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The Jeep began in World War II with vehicles such as the Willys MB, Jeep GPW, and Bantam.
After the war, Willys eventually walked away with the rights to the word Jeep. Willys used this name for its successor to the military MB, designating the model as a CJ, which stood for Civilian Jeep. Willys also used the Jeep name on pickup trucks, station wagons, and the Jeepster. Willys made shop manuals for these vehicles, usually covering a few years and models at a time. Later in the 1950s and 1960s, Willys and its successor Kaiser Jeep made the same style of repair manuals for those vehicles as well as models such as the DJ, FC, Gladiator, Grand Wagoneer, and Wagoneer.
From 1972 to 1983, AMC made Jeep service manuals in a style similar to AMC car manuals, with a different manual for each year.
For 1984-1988, AMC switched Jeep to a multiple shop manual format. These books cover models like CJ-7, Scrambler, Wrangler, Cherokee, Grand Cherokee, Grand Wagoneer, Comanche, and J-series Pickups. The manuals include:
· Mechanical Repair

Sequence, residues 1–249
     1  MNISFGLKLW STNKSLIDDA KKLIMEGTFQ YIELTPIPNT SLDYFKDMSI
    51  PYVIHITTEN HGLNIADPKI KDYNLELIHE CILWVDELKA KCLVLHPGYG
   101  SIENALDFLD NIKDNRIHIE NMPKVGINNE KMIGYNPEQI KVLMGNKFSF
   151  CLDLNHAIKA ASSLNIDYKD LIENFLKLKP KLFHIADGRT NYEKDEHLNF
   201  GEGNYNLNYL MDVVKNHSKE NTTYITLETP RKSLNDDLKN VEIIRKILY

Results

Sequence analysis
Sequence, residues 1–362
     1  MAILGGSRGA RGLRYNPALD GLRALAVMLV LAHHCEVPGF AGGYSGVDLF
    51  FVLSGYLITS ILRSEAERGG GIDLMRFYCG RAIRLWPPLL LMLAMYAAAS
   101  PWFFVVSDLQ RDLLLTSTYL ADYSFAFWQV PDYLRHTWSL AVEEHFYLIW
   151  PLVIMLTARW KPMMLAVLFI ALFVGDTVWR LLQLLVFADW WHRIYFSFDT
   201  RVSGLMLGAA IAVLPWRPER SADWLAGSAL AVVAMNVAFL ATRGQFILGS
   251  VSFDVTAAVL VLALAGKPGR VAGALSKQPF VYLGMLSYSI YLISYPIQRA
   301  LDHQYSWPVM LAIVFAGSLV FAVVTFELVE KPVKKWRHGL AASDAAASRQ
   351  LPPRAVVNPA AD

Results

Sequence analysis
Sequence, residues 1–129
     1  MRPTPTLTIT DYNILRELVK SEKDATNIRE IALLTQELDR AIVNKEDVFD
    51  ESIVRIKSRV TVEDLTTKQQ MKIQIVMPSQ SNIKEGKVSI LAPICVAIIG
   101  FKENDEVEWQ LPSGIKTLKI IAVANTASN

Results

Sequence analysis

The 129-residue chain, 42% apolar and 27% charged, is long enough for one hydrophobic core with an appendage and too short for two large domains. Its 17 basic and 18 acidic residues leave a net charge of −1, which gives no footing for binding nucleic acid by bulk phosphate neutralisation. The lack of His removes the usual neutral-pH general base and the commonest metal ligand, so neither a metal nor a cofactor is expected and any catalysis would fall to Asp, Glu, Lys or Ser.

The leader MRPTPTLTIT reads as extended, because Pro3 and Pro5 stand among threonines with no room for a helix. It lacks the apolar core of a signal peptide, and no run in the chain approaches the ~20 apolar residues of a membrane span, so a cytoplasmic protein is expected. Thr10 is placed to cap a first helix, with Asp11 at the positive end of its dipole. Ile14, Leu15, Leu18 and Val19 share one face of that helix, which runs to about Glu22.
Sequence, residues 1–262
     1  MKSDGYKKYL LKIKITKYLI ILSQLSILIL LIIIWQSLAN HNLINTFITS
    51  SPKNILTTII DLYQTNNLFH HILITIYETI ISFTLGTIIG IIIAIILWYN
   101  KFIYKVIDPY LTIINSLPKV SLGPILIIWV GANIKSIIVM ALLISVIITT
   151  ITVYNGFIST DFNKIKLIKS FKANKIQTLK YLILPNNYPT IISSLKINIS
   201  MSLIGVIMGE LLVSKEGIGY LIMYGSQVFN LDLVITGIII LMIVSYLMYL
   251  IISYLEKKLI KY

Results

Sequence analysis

· Body Repair
· Electrical Troubleshooting
· Wiring Diagrams
· Overhaul Manuals. Overhaul manuals cover rebuilding of major components like the engine, transmission, transfer case, and fuel injection. Faxon Auto Literature sells convenient combination overhaul manuals that include all the overhaul manuals available for a particular vehicle.
In 1989, when Chrysler Corporation took over Jeep, Chrysler returned the manuals to a simpler format in which all repairs were in one set of books. Initially all Jeeps were covered in one year-specific set of books, and then later Chrysler made a set for each model. This format remained until 2008. Beginning with 2009, Jeep manuals became available on CD only because Chrysler stopped making paper books. This is true for all recent model Jeeps like Liberty, Patriot, Compass, Wrangler, and Grand Cherokee.
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